# Mutually recursive bindings

**Tom Pledger
**
Tom.Pledger@peace.com

*Tue, 7 Nov 2000 16:07:05 +1300 (NZDT)*

Tom Pledger writes:
> [...]
>
> For example, with FLAMV = free variables which will be lambda-bound,
> and FLETV = free variables which will be let-bound, and ! marking the
> alleged innovations:
>
> h = \x -> (x==x) || h True || h "hello"
> [...]
> -----------------------------------
> Eq b => (b -> Bool;
> FLETV: h_1st::Bool -> Bool, h_2nd::[Char] -> Bool)
> ---------------------------------------
> (Tentatively give h its quantified type)
> h :: forall b . Eq b => b -> Bool
> ! (Discharge the h_1st requirement, by unifying Bool -> Bool
> ! with a fresh instance of forall b . Eq b => b -> Bool)
> ! (Discharge the h_2nd requirement, by unifying [Char] -> Bool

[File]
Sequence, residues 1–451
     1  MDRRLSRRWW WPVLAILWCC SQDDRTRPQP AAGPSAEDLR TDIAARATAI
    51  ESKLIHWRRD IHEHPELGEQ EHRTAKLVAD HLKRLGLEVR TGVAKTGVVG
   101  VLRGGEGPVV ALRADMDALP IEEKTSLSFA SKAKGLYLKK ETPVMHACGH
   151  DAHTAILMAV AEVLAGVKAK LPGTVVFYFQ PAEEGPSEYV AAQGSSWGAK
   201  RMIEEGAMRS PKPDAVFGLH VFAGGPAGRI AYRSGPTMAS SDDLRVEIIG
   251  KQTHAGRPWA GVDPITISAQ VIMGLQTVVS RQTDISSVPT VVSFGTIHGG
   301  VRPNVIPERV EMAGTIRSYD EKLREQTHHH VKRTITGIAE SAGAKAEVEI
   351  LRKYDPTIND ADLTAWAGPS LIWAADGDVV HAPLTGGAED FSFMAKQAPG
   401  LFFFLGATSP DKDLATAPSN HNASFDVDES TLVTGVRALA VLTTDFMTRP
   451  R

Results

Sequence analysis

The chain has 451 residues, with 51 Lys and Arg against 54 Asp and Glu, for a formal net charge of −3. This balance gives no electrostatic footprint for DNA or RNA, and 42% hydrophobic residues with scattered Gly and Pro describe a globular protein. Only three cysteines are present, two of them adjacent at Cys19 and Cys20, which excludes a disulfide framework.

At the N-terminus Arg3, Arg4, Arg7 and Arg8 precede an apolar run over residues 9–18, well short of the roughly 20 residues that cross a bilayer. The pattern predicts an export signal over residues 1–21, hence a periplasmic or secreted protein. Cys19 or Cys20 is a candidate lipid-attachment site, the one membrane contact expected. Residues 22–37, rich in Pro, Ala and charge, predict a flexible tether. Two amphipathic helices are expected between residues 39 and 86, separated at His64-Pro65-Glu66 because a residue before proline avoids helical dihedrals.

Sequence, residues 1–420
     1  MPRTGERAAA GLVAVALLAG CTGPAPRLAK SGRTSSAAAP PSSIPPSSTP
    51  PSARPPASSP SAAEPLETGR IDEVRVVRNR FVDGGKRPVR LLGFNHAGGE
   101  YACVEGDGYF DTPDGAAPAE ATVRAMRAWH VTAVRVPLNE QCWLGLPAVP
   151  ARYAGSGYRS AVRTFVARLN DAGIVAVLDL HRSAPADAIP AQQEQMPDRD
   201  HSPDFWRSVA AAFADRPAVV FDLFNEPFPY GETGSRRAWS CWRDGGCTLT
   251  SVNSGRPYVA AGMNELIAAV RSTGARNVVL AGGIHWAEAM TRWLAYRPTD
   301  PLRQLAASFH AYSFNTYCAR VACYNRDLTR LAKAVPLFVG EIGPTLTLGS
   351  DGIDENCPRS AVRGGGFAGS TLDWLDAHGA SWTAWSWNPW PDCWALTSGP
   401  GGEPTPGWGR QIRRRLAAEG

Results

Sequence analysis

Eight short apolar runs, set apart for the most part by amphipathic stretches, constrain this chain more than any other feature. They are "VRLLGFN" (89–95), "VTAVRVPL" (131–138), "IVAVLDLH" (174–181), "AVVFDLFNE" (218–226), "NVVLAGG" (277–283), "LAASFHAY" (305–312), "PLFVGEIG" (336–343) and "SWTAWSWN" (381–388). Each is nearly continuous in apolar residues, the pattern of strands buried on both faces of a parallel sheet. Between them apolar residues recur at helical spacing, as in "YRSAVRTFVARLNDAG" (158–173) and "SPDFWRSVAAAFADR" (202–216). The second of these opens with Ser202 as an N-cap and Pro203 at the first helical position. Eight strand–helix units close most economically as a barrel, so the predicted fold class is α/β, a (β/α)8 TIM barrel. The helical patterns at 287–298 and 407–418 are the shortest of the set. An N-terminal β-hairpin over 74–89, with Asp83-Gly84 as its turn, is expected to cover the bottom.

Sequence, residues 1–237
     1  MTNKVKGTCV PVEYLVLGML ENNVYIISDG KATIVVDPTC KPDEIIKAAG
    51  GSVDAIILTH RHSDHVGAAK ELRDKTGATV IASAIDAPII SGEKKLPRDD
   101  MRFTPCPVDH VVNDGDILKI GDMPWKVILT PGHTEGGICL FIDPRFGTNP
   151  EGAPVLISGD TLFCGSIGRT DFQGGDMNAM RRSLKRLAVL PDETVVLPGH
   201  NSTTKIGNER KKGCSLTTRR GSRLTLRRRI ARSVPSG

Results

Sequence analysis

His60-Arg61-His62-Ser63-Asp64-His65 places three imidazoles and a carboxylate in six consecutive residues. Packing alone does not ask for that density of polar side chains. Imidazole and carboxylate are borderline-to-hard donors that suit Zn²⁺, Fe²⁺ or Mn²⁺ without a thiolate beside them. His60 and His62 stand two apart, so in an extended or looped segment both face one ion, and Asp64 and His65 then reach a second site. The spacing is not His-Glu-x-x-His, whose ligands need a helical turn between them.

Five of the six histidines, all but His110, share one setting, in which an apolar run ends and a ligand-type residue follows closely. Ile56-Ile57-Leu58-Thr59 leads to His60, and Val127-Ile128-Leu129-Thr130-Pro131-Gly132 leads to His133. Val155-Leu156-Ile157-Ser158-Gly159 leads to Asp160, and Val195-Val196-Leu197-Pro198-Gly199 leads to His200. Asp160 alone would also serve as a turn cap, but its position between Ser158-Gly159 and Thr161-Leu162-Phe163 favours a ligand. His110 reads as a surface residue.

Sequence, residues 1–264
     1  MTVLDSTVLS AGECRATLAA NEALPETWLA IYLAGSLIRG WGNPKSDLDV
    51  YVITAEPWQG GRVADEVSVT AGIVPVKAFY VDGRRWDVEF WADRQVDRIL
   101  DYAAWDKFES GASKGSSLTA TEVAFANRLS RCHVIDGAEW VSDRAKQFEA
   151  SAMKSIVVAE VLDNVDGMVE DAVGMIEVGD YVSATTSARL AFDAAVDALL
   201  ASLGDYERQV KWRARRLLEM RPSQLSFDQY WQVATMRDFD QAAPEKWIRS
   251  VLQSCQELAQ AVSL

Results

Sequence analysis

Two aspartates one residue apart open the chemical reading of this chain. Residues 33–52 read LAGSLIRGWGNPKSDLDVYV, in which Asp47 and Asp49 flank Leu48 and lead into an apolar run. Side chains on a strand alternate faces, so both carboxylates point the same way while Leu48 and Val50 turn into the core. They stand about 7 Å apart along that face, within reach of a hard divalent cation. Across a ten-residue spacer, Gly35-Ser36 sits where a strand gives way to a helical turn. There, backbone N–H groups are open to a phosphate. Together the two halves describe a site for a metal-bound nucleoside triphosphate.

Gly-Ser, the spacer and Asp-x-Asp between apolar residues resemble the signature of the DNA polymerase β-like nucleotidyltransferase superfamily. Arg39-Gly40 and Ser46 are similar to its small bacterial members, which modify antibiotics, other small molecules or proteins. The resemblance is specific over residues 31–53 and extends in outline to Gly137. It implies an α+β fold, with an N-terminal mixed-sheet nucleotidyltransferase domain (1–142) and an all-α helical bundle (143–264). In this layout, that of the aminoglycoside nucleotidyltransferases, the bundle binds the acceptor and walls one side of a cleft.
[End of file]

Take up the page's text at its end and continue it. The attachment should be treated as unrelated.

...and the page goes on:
> ! with another fresh instance of forall b . Eq b => b -> Bool)
>
> [...] technique of deferring unification for uses of let-bound
> variables until after quantification.
The quantification over the type variables which are free inside the
declaration but not outside it, that is.
So, in cases like this (more or less as seen in section 4.5.4 of the
Haskell 98 report), we still get the proper behaviour:
f x = let g y z = ([x, y], z) in (g True, g 'c')
-------------------
g :: forall b . a -> b -> ([a], b)
---------------
Free vars which will be let-bound:
g_1st :: Bool -> c
g_2nd :: Char -> d
--------------------------------------
Discharge the g_1st requirement by unifying
a -> e -> ([a], e) with Bool -> c
Now g :: forall b . Bool -> b -> ([Bool], b)
Fail to discharge the g_2nd requirement, because we can't
unify Bool -> f -> ([Bool], f) with Char -> d
It seems reasonable that when there is no explicit type signature, we
should first infer one from how the parameters are used, and only then
check that any recursive uses make sense. I'm not sure whether this
is a departure from Hindley-Milner norms. Will someone who knows
please comment?
Regards,
Tom